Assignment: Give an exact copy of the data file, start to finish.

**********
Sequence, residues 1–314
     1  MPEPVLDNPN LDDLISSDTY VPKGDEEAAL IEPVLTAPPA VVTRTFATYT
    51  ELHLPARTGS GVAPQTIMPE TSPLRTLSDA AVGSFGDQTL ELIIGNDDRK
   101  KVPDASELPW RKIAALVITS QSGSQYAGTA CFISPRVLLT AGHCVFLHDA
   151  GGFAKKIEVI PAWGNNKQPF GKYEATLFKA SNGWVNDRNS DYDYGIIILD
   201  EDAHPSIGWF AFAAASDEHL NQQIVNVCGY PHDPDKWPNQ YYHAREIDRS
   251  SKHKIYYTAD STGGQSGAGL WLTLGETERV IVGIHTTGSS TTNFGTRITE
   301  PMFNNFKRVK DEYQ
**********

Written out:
Sequence, residues 1–314
     1  MPEPVLDNPN LDDLISSDTY VPKGDEEAAL IEPVLTAPPA VVTRTFATYT
    51  ELHLPARTGS GVAPQTIMPE TSPLRTLSDA AVGSFGDQTL ELIIGNDDRK
   101  KVPDASELPW RKIAALVITS QSGSQYAGTA CFISPRVLLT AGHCVFLHDA
   151  GGFAKKIEVI PAWGNNKQPF GKYEATLFKA SNGWVNDRNS DYDYGIIILD
   201  EDAHPSIGWF AFAAASDEHL NQQIVNVCGY PHDPDKWPNQ YYHAREIDRS
   251  SKHKIYYTAD STGGQSGAGL WLTLGETERV IVGIHTTGSS TTNFGTRITE
   301  PMFNNFKRVK DEYQ